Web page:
The April, 1991 issue of Golf Digest contains a story on the origin of golf terms by Jock Howard, an editor at Golf World United Kingdom: "It is entirely fitting that an out door cross-country sport such as golf should be full of imagery….It is only comparatively recently that women have had a monopoly on the term.," wrote Howard, in regards to the British custom of referring to women as ‘birds.’

Howard explained, "If you were in an exceptionally smart or accomplished person living in the Thirteenth century England your friends might refer to you as a bird. To be a bird was to be suave and sophisticated, polished and generally a good egg. Towards the end of the Nineteenth century, bird was American slang used frequently to describe a person or thing of excellence, such as, ‘He is a perfect bird of a man.’"

As for the golf term, Howard relates, "Bird was reputed to have been first used in connection with golf at the Atlantic City Country Club in New Jersey in 1903. An American called Ab Smith was playing a par 4 when he hit his second shot stiff to the hole. He turned to his partners and shouted joyfully, ‘That’s a bird of a shot!’"

Since Atlantic City became a major resort town, people came from all over America and the world to vacation, and those who played golf went to the Atlantic City Country Club, where they learned of the local tradition, picked up the term and took it with them back to their home course.

The earliest recorded published reference is believed to have been in McCleans Magazine in 1911, when it was reported, "….Lansborough followed with a bird, straight down the course about 215 yards."

It was first used in print to refer to a one-under par in the Glasgow Herald some years later: "Brown squared with a birdie three at the second."

The term "eagle," for two-under par, also has an Atlantic City Country Club origin, and first saw print in 1922.

Closest to the truth is probably A.W. Tillinghast’s version, published in the April, 1933 issue of Golf Ilustrated, thirty years after the event occurred. Tillinghast recalled that they were playing winter golf, probably on a Saturday, when his group of regulars from the ‘Quaker’ City (of Philadelphia) arrived at the Shore by train. The year was 1903.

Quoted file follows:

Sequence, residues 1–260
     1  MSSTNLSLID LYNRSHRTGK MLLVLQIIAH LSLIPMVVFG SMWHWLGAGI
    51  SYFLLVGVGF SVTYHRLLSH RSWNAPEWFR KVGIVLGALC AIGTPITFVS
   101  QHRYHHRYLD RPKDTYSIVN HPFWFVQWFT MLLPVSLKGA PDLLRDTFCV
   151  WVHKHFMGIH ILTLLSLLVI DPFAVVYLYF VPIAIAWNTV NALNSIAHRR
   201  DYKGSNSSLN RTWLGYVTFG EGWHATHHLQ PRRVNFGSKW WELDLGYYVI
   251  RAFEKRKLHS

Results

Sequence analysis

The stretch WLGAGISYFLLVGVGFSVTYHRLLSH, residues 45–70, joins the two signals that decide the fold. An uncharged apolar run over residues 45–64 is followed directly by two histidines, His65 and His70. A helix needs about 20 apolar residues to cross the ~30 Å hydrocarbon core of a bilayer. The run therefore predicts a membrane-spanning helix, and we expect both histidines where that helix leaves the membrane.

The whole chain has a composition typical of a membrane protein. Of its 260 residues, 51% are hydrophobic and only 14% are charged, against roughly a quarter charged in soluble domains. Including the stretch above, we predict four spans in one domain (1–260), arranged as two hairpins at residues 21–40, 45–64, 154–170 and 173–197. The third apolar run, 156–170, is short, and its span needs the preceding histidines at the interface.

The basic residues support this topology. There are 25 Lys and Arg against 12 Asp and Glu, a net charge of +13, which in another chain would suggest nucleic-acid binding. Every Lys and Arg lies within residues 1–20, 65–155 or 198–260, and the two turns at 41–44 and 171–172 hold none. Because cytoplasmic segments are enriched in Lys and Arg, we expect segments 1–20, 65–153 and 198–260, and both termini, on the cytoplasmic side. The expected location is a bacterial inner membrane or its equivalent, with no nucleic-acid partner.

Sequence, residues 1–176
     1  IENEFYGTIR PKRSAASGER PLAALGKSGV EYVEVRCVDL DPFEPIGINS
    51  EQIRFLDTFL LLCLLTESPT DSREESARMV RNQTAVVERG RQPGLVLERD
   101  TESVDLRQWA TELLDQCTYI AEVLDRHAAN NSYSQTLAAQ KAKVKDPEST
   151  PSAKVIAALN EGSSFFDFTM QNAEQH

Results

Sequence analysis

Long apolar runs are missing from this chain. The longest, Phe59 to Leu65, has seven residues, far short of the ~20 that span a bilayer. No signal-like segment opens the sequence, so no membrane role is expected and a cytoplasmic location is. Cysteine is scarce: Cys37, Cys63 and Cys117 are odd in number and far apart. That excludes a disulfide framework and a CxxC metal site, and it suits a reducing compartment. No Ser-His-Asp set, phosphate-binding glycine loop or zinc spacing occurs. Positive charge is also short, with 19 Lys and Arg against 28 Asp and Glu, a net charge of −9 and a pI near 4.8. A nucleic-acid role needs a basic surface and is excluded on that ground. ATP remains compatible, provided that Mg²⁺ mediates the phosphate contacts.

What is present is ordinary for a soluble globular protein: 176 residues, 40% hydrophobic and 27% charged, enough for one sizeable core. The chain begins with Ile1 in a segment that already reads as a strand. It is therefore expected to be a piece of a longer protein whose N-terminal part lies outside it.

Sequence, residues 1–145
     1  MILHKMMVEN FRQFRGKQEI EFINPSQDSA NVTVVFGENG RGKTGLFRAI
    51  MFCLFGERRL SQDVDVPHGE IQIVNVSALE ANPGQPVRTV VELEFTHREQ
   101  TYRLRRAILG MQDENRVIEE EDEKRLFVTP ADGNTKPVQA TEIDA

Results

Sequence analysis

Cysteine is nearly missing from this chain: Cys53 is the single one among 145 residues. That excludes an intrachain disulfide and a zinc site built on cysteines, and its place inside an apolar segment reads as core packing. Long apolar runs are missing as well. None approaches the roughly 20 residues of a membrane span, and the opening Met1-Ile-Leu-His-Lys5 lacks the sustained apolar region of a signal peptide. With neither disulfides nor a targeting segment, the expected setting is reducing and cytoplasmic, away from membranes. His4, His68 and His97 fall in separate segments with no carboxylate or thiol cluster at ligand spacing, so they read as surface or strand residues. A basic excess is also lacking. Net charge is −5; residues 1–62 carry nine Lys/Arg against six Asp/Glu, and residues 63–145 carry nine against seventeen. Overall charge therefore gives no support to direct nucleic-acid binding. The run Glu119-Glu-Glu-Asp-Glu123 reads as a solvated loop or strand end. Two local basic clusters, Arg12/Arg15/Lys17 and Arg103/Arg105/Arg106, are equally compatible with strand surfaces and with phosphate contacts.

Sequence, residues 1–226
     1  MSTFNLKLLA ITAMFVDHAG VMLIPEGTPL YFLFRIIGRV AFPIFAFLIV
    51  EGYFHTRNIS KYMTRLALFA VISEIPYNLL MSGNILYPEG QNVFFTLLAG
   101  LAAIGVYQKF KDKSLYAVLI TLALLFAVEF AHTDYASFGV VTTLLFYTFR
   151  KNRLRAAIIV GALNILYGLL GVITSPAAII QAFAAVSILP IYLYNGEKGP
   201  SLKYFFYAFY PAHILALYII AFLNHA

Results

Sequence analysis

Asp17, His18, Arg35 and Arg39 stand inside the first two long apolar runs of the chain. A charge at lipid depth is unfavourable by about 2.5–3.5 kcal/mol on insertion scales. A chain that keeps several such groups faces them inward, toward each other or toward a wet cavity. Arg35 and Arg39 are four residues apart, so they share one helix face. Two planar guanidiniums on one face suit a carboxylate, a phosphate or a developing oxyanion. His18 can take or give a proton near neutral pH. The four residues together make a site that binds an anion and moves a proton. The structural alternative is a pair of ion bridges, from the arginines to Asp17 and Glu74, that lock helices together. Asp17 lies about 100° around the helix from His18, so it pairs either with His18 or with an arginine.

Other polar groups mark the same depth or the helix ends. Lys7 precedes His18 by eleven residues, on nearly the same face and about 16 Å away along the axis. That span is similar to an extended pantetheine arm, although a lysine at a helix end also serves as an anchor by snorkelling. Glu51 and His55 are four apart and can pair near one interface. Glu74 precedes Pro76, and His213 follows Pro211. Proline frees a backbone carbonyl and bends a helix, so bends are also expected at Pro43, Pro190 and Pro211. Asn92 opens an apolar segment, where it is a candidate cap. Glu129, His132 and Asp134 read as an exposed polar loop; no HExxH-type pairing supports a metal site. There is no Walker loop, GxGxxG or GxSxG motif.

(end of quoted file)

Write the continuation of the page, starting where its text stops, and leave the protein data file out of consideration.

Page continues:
"Now instead of playing the conventional two or four ball encounters," Tillinghast wrote, "we had drifted to the habit of all playing together if we were less than a dozen….Thus originated a sort of mob golf, which became known about the country as a ‘Philadelphia Ballsome,’ for stakes were usually a ball or two for each hole."

"It came to pass that we were playing the long twelfth hole (in the order at the time), with a keen following wind. The hole usually played as a three-shotter, but on this occasion someone got away two screamers and got home in two. As the second shot hit the green either Bill Smith or his brother Ab exclaimed: ‘That’s a bird!’."

"Immediately the other remarked that such an effort that resulted in cutting par by a stroke should be rewarded doubly, and there on the spot it was agreed that thereafter this should be done. And so it was, the exclamation of Smith, giving the name, Bird, which gradually was to become a term of the game, used wherever it is played today."

Tillinghast remembers little more than the foursome, and doesn’t know if it was George Crump or his brother Bill who made the remark.

Kenny Robinson explained that the original ‘long twelfth hole’ that Tillinghast refers to eventually became the second hole when the course was redesigned in the early 20s. In 1946, when Leo Fraser became the owner, the legendary green was kept intact as a practice green, as it is today. According to Robinson, "Leo Fraser kept the hole as it was because he recognized it as the historic site where the term birdie first originated."

Today a plaque marks the spot where Ab Smith made the first "bird of a shot," now used as the practice green.

[Originally published in Golfer’s Tee Times (Vol. 1 #1), and as Chapter 9 of the book Birth of the Birdie – The First 100 Years of Golf at the Atlantic City Country Club, by William Kelly, 1997]


Saturday, June 14, 2008

Johnny McDermott - America's Forgotten Hero

The Legend of Johnny McDermott – America’s Forgotten Golf Hero

John J. McDermott - America’s Forgotten Hero